Held in Toronto, the 35th Congress of the International Society for Blood Transfusion (ISBT) kicked off with a “Local Day” on Saturday June 2nd. Organized by the Canadian Society for Transfusion Medicine, and chaired by Dr. Katerina Pavenski, Local Day focused on Canadian advances in transfusion medicine over the years: past, present, and future. As 2018 marks the 20-year anniversary of the founding of Canadian Blood Services and Héma-Québec, the program was designed to reflect on the past and look to the future. The day began with the Annual General Meeting of CSTM, followed by the Ortho and Buchanan Award lectures.
Congratulations to 2018’s well-deserved award winners: Ahmed Coovadia (Buchanan Award), and Dr. Irene Sadek (Ortho Award).
We were then treated to a fascinating journey through the history of transfusion medicine in Canada, in an exquisitely-researched presentation by Dr. John Freedman, Professor Emeritus of medicine and of laboratory medicine at the University of Toronto. The history of blood transfusion is certainly interesting, and occasionally gruesome. I suspect few people are better versed on the history of the field, and certainly on Canadian aspects of this history, than Dr. Freedman.
His talk didn’t shy away from the tainted blood scandal that unfolded in the 1980s and 90s. Dr. Freedman described the circumstances of the blood supply in Canada when HIV/AIDS emerged in the 1980s, the course of the scandal that resulted in 1000s of Canadians being infected with HIV or hepatitis, and Commission by Justice Horace Krever that followed. Recommendations from the Krever Commission led to the founding of Canadian Blood Services and Héma-Québec in 1998, and Dr. Freedman noted Justice Krever’s emphasis on the importance of research and development work to support a safe blood supply. A fantastic and thorough presentation, Dr. Freedman ended by highlighting and thanking the many people involved in clinical and basic research, development work, and education whose dedication over the past 20 years has helped make the Canadian blood supply one of the safest in the world.
Dr. Freedman’s presentation was followed by perspectives on the current state of the blood system in Canada by Canadian Blood Services CEO, Dr. Graham Sher, and Héma-Québec Vice-President Smaranda Ghibu. Both spoke about the 20-year journey of their respective blood services in Canada, and described some of the transformative shifts that have taken place in the blood system in Canada during this time. Initially focused on regaining the trust of the Canadian people, both organizations have evolved over the decades to become trusted biologics manufacturers.
Updates from the National Advisory Committee on Blood and Blood Products, the Quebec Transfusion Advisory Committee and on blood bank testing by Canadian Blood Services’ Dr. Gwen Clarke, rounded off the “present”. Dr. Clarke’s presentation made use of the interactive audience polling made available at ISBT, keeping the audience entertained, engaged, and informed in a fantastic talk on serology, genotyping and blood bank testing.
Then it was time to focus on the future. Dr. Sher, standing in for Canadian Blood Services’ Chief Scientist, Dr. Dana Devine, presented his vision of the future of blood banking and transfusion medicine in Canada. With a focus on new and “renewed” products for transfusion, Dr. Sher’s talk was wide-ranging, and included his perspectives on the future of cold-stored platelets, freeze dried plasma, and the use of whole blood in trauma. Dr. Sher discussed new approaches that are already available and impacting practice, including pathogen inactivation technologies, platelet additive solutions, new cellular therapies, and the use of large datasets to understand donors, products, and recipients. As the demographics of the donor base shifts, Dr. Sher emphasized the importance of social and psychological research around recruitment and retention of donors. Looking more generally to the future, Dr. Sher postulated that technology will continue to impact the business of blood on many levels, from genetic profiling of donors to wearable technology.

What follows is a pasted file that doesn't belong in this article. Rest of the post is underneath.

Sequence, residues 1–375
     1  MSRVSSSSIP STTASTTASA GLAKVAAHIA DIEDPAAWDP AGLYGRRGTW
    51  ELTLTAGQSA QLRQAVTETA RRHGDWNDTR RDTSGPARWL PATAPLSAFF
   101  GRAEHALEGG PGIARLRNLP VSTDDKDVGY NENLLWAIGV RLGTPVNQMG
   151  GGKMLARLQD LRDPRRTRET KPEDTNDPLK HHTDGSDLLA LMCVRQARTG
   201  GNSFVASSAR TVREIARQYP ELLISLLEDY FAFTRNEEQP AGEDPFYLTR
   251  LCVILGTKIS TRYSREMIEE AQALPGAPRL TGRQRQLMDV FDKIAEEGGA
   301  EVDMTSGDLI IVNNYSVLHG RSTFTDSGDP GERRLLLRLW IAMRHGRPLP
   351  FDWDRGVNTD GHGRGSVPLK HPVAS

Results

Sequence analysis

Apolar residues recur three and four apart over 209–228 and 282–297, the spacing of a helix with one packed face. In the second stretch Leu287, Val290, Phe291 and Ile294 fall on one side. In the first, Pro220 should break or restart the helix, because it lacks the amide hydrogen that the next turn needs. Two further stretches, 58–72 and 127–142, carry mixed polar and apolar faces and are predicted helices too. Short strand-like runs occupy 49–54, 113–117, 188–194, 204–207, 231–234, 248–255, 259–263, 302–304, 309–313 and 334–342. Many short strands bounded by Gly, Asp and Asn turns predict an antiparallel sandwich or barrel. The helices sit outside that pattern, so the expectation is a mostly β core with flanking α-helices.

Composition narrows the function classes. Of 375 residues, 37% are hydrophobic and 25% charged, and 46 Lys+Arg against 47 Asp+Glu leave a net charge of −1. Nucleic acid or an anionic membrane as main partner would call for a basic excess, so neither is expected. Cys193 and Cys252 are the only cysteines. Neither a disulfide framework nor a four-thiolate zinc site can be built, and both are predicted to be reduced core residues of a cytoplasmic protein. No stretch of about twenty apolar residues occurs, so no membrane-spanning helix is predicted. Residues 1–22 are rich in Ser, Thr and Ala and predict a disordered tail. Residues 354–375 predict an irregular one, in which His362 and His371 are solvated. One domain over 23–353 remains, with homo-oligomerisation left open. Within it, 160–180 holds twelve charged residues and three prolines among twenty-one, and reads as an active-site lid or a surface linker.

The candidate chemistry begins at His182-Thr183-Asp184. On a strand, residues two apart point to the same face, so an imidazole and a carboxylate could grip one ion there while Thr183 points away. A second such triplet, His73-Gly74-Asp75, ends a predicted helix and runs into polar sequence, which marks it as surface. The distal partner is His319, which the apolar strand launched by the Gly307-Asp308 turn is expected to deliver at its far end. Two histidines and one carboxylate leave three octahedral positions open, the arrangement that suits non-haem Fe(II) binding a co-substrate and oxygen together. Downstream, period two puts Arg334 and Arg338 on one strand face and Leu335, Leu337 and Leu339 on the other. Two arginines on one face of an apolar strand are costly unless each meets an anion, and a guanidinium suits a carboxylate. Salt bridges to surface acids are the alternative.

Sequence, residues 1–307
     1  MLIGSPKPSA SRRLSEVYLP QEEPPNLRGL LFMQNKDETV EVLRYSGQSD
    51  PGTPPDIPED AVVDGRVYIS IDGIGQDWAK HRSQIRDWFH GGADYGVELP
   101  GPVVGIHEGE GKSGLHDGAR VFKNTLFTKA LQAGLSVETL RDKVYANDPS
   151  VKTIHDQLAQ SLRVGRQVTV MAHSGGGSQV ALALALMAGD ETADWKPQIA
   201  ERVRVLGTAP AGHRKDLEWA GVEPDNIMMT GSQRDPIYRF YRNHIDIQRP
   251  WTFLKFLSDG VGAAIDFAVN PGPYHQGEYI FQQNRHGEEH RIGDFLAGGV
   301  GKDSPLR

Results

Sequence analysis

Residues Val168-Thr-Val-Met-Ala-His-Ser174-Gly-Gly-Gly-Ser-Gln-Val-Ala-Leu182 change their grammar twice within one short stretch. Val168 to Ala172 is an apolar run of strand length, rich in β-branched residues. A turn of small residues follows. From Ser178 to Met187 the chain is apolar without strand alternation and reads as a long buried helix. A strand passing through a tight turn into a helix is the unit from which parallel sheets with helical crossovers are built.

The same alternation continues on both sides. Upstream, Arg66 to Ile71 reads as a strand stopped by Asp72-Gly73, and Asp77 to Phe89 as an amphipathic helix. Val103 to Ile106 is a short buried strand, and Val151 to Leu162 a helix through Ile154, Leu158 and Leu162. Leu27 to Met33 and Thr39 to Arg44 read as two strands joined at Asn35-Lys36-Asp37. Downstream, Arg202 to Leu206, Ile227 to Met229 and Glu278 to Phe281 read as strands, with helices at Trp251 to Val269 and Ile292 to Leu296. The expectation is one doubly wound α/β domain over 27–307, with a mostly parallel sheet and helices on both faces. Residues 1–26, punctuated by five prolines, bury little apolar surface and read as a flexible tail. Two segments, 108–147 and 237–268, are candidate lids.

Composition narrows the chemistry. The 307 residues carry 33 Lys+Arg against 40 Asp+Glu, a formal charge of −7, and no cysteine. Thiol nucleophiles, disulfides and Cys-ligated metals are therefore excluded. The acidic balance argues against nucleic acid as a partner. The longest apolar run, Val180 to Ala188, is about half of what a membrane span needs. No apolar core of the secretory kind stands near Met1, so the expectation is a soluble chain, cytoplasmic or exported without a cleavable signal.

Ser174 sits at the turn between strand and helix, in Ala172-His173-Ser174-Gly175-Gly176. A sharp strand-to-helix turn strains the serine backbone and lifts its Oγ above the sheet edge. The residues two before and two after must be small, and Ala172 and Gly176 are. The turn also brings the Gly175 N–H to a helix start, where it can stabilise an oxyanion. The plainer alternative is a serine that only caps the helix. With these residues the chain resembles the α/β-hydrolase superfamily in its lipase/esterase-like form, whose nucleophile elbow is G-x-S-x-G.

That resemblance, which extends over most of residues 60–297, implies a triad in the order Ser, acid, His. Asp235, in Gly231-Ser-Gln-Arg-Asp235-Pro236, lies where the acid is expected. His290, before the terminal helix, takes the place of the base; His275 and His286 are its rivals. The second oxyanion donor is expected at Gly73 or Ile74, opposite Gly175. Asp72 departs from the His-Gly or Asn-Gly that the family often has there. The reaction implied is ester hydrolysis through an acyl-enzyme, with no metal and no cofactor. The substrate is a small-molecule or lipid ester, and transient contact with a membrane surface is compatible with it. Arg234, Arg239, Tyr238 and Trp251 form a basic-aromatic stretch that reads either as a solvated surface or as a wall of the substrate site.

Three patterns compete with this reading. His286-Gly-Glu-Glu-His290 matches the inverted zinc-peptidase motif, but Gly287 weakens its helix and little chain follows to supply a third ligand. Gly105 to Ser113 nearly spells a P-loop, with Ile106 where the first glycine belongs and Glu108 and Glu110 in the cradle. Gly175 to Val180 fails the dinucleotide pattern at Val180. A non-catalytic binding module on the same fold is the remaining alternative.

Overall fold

Dr. Yulia Lin presented on novel approaches to teaching transfusion medicine. Dr. Lin’s talk touched on remote learning, podcasts, and using new technology to further dissemination. However, she also emphasized the importance of considering how people learn, tailoring your teaching approach to ensure the information is effectively conveyed, and evaluating to measure impact. It is important to balance new teaching approaches and technologies with face-to-face teaching, which has been shown to be valuable for effective learning.
Learn more about Dr. Lin's innovative approaches to transfusion medicine teaching here.
Local Day ended with a talk by Dr. Donna Wall from The Hospital for Sick Children in Toronto describing new cellular therapies for cancer. Chimeric-antigen receptor T-cell (C-ART) therapy is a targeted cancer treatment. Two C-ART cell therapies were approved by the FDA in 2017. These therapies use a cancer patient’s immune cells (T-cells), which are removed and re-programmed in a laboratory so that when they are infused back into the patient, they seek out and destroy the cancer cells. As C-ART cells or similar therapies become available or are soon-to-be available in the clinic, Dr. Wall described how they work, the hope they bring to patients, and the challenges that remain in using these therapies, many of which are still in trials or in early stage development.
Believe it or not this was just the beginning. The next four days at ISBT proper delivered a robust scientific program. Stay tuned for more…
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The opinions reflected in this post are those of the author and do not necessarily reflect the opinions of Canadian Blood Services nor do they reflect the views of Health Canada or any other funding agency.